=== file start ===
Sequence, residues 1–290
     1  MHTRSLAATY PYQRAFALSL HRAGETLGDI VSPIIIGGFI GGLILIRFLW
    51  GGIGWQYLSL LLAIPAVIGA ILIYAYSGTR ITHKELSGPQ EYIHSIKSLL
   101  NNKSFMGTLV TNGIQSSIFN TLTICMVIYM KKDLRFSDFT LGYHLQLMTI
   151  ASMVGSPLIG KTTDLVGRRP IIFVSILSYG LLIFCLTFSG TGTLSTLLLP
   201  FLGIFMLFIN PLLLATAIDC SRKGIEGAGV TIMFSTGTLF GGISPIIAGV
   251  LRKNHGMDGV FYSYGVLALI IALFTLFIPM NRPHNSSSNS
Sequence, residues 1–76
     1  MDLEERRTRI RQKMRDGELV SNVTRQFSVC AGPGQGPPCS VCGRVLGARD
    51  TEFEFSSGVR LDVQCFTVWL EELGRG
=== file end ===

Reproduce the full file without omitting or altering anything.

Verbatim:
Sequence, residues 1–290
     1  MHTRSLAATY PYQRAFALSL HRAGETLGDI VSPIIIGGFI GGLILIRFLW
    51  GGIGWQYLSL LLAIPAVIGA ILIYAYSGTR ITHKELSGPQ EYIHSIKSLL
   101  NNKSFMGTLV TNGIQSSIFN TLTICMVIYM KKDLRFSDFT LGYHLQLMTI
   151  ASMVGSPLIG KTTDLVGRRP IIFVSILSYG LLIFCLTFSG TGTLSTLLLP
   201  FLGIFMLFIN PLLLATAIDC SRKGIEGAGV TIMFSTGTLF GGISPIIAGV
   251  LRKNHGMDGV FYSYGVLALI IALFTLFIPM NRPHNSSSNS
Sequence, residues 1–76
     1  MDLEERRTRI RQKMRDGELV SNVTRQFSVC AGPGQGPPCS VCGRVLGARD
    51  TEFEFSSGVR LDVQCFTVWL EELGRG